Along with Jolie's competent performance, Ethan Hawke does well as artist James Costa; Gena Rowlands gives a good performance as Mrs. Asher; and Kiefer Sutherland, looking a little older and heavier, does a usually good turn as a mysterious neighbor of Hawke's. There's a couple of jump out of your seat scares and overall, despite the predictability, TAKING LIVES is a good entry in the ever growing serial killer genre.
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47 of 56 people found the following review helpful
3.0 out of 5 stars Potentially Good Film Ruined By A Lousy Ending! October 4, 2004
Format:DVD
"Taking Lives" stars Angelina Jolie as FBI profiler Illeana Scott who is assigned to Montreal, and the case of a particularly vicious serial murderer. The killer has been taking lives for 20 years, since his teens, assuming his victims' identities with each crime. There's a line in the movie to the effect that he's "like a hermit crab - when he grows out of his shell, (home), he moves on." OK! So it's not brilliant dialogue, but until we reach the film's halfway mark it is forgivable. After the 1st hour, or so, this scary, chiller-thriller loses its edge in a serious way. The last scenes are really contrived - just not believable by any stretch of the imagination.

Jolie is her usual sexy self as the loner, fast-track agent from Washington, DC. She is welcomed by her old friend and colleague, Captain Hugo Leclair, (Tchécky Karyo), of the Montreal Sûreté, but is resented by macho detective Paquette, (Olivier Martinez), who is handsome in a surly kinda way. Illeana's approach to crime solving is extremely intuitive and unconventional, to say the least - but her unorthodox methods get results, and this case is no different. She quickly comes up with some leads that her Canadian counterparts have missed. Then art gallery owner James Costa, (Ethan Hawke), an actual murder witness, steps in to help the detectives. Costa, who has some artistic talent, is able to sketch the suspect. The hunt picks up speed, and the plot begins to twist, turn and occasionally surprise. I had at least one major scare! There's a decent car chase, a steamy love scene, (super steamy in the Director's Cut), and an unusual take on Illeana's character - all pluses.

The cast is excellent. Ms. Jolie is good here and she develops her character well.
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13 of 13 people found the following review helpful
4.0 out of 5 stars Surprised at how good this movie was! April 25, 2009
Format:Blu-ray|Verified Purchase
I must say, "Taking Lives" started out as the usual hum-drum serial-killer thriller, and I wasn't expecting it to be very interesting but like many others I have seen. Was I wrong! I found it hard to tear myself away, as the movie became more and more interesting as it went along. Angelina Jolie played her part well. Eathen Hawk was great. And the ending, which I thought was predictable, turned out to be quite the contrary. Good Blu-Ray quality. Very good acting!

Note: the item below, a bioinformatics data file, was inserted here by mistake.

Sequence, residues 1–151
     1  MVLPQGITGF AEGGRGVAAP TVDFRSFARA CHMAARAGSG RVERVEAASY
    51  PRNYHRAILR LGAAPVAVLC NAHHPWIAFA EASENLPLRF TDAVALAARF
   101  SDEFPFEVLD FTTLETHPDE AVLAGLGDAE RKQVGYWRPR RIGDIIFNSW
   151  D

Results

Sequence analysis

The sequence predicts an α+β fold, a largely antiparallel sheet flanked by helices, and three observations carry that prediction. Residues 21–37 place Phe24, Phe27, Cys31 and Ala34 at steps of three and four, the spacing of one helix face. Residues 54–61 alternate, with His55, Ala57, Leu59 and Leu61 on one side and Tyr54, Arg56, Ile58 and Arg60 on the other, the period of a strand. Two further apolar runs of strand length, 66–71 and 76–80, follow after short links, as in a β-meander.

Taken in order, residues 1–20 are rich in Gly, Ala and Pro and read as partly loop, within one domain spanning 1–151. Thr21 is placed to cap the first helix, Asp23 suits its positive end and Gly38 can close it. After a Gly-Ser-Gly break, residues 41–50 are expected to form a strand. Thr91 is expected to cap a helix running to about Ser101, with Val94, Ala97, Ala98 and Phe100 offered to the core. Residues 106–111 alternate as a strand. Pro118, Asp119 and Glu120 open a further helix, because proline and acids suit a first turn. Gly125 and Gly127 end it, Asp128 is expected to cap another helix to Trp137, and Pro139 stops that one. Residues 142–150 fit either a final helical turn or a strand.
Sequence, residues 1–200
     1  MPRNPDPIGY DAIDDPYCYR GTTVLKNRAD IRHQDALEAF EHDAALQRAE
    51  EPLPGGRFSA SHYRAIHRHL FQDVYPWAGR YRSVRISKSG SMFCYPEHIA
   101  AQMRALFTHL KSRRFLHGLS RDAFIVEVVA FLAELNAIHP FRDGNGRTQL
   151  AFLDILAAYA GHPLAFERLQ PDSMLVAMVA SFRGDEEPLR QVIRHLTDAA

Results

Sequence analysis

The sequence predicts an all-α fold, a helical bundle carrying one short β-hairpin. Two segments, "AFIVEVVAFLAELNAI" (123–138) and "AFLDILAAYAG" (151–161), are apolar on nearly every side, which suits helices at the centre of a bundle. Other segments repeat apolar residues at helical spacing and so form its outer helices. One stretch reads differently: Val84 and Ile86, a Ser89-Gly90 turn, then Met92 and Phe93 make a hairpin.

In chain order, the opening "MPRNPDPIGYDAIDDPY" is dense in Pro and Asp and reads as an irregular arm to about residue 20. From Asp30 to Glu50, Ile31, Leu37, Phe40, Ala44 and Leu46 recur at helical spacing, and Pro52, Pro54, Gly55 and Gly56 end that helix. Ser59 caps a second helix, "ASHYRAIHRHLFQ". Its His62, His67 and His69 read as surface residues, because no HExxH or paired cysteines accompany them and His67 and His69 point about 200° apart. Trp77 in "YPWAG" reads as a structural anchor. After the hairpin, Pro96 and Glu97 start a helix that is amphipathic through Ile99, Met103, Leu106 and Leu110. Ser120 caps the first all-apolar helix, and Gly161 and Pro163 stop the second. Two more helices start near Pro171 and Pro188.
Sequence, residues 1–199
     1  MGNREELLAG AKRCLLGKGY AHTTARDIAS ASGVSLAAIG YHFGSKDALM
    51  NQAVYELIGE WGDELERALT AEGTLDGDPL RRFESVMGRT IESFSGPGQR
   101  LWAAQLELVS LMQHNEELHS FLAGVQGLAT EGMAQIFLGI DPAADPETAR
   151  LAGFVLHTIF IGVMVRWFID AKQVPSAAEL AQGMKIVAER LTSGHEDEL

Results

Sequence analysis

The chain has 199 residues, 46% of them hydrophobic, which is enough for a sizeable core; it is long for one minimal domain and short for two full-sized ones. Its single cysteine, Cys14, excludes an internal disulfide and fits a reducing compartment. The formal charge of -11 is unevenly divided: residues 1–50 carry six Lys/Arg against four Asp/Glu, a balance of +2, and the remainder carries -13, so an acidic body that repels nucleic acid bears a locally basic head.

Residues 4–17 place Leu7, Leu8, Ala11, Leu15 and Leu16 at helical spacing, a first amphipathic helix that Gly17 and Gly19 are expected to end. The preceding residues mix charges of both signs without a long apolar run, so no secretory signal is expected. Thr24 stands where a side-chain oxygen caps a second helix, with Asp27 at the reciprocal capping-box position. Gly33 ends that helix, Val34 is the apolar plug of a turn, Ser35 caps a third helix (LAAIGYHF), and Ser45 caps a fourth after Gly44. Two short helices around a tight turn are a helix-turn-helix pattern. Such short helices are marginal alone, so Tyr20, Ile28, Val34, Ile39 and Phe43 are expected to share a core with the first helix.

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12 of 13 people found the following review helpful
5.0 out of 5 stars Relative experience? October 17, 2004
Format:DVD
I just saw this movie last week, and it stunned me in ways I never expected. Reading many of these reviews, I think it must simply be where you are in your own interests and experience in life when you see this film. It disappointed on some levels, but it astounded me on others. In the end, the acting and chemistry of Hawke and Jolie are so delicious I have to give it 5 stars.

Warning: SPOILER follows, so if you don't want to know, stop here.

A true crime buff who has studied serial crime for about a decade, I viewed the film from that perspective and found it wanting. Profilers don't "intuit" so much as was implied here by lying in graves. They use solid data culled from 30 years of studying and interviewing actual criminals. So Jolie's character is somewhat misleading in how she "represents" that whole process. I found the direction wanting in the cheap thrills stolen from a litany of classic thrillers. I also agree that the sound editor should have been replaced before this movie was released. I think some of the disappoints of the film are based in not understanding much of what is being said (though I got a second copy and the sound was much better, so maybe there was a bad run of dvds). The most jarring false note in the movie is after the car chase, before the car blows up. Not plausible.

But on another level, the acting is sublime. The arc of Hawke's characterization is the real pleasure of watching this film. The killer's transmutation is mind-bending. The final scene, in which his inner life is revealed, is breathtaking. It is the whole point of the movie, a major plot twist you don't see coming: in order to conceal the true identity of the killer, the director obscures the killer's pathology for most of the movie, reducing it to a few sound bites.